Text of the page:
The NFL Combine is officially underway and the pre-draft evaluations are starting now. The combine is used to confirm what we see on tape and give players a chance to answer questions about their athletic ability.
On Saturday, the offensive linemen are taking the field. They're going to have some of the best bench press performances of all the groups, but most will be disappointed with the 40-yard dash times. However, the focus will be on the 10-yard times.
Here are some prospects that you should keep an eye on as you watch the combine on Saturday. I'll have immediate analysis after the day's events as well.
David DeCastro, G, Stanford
DeCastro is one of the few offensive linemen in this class that could start from day one. For a guard, he has solid arm length and good height, something that the Panthers typically value in their offensive linemen.
DeCastro is also a technician, much like Carolina's Ryan Kalil and Geoff Hangartner. He's also a high motor player and rarely makes mistakes. If the team parts ways with Travelle Wharton, DeCastro would be an immediate upgrade at left guard.
Kelechi Osemele, G/T, Iowa State
Here's a player who the Panthers can target in Round 2 if there are few talented defensive tackles and cornerbacks left on the board. Osemele is incredibly talented and if not for some technical quirks to work out of his game, he'd easily be a first-round prospect.
The lineman out of Iowa State has as much upside as any guard prospect in this class and if the Panthers don't draft DeCastro in the first round, Osemele would be a great option to consider to bolster this offensive line that currently has some holes.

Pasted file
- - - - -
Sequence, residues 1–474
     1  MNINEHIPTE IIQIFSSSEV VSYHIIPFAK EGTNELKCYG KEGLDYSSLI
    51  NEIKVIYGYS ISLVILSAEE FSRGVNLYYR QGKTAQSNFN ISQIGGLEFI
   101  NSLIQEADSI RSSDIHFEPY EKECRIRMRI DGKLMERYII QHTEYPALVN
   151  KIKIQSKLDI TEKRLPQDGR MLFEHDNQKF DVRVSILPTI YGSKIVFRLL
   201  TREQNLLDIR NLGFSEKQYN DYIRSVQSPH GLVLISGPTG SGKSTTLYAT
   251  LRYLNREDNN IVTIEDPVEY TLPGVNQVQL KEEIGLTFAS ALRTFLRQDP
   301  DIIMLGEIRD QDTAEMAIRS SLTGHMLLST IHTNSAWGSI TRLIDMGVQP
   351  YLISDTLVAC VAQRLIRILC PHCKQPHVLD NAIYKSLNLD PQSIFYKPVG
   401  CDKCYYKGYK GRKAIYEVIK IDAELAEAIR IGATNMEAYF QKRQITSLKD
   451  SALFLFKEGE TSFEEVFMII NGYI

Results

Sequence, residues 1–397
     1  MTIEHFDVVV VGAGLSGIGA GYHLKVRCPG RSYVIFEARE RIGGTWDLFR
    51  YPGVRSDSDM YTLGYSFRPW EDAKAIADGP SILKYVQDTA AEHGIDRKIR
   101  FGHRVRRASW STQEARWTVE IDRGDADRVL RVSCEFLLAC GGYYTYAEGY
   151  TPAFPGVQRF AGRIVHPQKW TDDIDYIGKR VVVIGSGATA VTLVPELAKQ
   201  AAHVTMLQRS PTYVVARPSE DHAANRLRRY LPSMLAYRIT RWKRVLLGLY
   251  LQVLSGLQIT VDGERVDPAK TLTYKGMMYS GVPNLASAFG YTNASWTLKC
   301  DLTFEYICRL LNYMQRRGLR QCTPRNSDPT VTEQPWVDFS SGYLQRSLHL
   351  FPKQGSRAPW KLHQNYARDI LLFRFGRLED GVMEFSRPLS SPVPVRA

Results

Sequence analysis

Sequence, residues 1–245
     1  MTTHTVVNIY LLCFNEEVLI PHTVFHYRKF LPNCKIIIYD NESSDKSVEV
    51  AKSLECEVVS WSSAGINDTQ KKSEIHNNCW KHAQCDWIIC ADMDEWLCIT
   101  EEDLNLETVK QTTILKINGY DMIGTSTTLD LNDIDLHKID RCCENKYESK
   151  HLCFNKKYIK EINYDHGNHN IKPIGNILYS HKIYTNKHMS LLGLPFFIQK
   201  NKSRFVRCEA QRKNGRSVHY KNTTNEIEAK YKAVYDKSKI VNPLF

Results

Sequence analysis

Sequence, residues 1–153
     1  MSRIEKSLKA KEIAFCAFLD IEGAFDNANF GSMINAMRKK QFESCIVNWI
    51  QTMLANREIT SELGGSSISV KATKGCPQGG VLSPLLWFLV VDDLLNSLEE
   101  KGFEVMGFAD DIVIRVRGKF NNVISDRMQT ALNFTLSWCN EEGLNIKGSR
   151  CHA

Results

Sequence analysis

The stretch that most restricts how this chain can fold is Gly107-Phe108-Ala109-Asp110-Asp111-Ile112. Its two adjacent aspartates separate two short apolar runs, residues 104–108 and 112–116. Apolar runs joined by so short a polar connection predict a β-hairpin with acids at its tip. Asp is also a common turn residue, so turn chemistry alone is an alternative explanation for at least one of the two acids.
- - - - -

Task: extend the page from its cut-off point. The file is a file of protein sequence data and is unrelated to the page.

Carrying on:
Joe Looney, G, Wake Forest
Unlike Osemele, Joe Looney is well developed and would add depth to the Panthers' offensive line from the moment he is drafted. Consistent production and adequate athletic ability make him an option for the Panthers in either the fourth or fifth round.
He doesn't have great upside, but could be an effective NFL player as a backup.
Rishaw Johnson, G, California PA
Johnson doesn't play like a prototypical guard, but he shows good explosiveness. However, his talent has been overshadowed by some character issues, making it possible to draft him in the sixth round or lower even though he has fourth-round talent.
He needs to improve his footwork, but if he can take in some NFL coaching then he could develop into a nice player.
David Molk, C, Michigan
The best center in college football is also one of the strongest players in this draft class. He doesn't have great technique, but makes up for it with aggressiveness and quickness. Molk could be helped greatly with quality coaching.
Jeff Allen, G/T, Illinois
Allen would be the perfect choice for the Panthers because he can play four out of the five offensive line positions. He's also unlikely to be picked before the sixth round and the Panthers could easily get him in the seventh, which would be a steal.
He's a very well-rounded player who simply lacks the explosiveness to be a day one or two talent.
Mitchell Schwartz, G/T, Cal
Although he doesn't have much experience playing inside, I could see Schwartz making the move to guard because of his lack of athletic ability. His brother, who is currently a free agent of the Panthers, made the same move and has become a valuable player due to his versatility.
The two brothers are similar players and Carolina would get great value for Schwartz in the fifth to sixth round.